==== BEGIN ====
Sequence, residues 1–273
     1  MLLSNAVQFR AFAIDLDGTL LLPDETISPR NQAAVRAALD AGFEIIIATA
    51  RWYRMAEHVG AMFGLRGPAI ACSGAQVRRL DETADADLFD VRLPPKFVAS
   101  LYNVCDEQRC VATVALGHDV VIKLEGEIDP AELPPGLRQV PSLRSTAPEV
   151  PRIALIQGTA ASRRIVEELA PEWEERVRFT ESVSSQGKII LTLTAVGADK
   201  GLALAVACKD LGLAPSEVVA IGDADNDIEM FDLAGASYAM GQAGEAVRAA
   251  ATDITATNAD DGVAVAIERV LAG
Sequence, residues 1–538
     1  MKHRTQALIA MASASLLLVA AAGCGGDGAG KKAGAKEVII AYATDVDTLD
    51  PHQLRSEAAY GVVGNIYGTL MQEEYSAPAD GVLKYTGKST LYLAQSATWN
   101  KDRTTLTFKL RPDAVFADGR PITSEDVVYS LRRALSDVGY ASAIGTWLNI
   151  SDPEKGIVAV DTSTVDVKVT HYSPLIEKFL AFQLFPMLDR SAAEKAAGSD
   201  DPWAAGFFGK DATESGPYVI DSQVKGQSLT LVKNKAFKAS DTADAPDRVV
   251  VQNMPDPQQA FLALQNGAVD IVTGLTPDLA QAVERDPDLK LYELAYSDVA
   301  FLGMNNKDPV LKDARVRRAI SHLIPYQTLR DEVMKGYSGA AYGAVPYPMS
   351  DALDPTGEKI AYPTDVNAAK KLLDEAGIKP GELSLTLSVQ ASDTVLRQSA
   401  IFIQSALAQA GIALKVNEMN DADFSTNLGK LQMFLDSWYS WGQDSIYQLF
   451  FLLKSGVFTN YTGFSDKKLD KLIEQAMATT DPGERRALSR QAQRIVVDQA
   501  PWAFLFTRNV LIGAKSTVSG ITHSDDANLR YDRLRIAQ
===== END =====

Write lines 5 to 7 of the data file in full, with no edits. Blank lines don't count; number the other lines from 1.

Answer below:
   151  PRIALIQGTA ASRRIVEELA PEWEERVRFT ESVSSQGKII LTLTAVGADK
   201  GLALAVACKD LGLAPSEVVA IGDADNDIEM FDLAGASYAM GQAGEAVRAA
   251  ATDITATNAD DGVAVAIERV LAG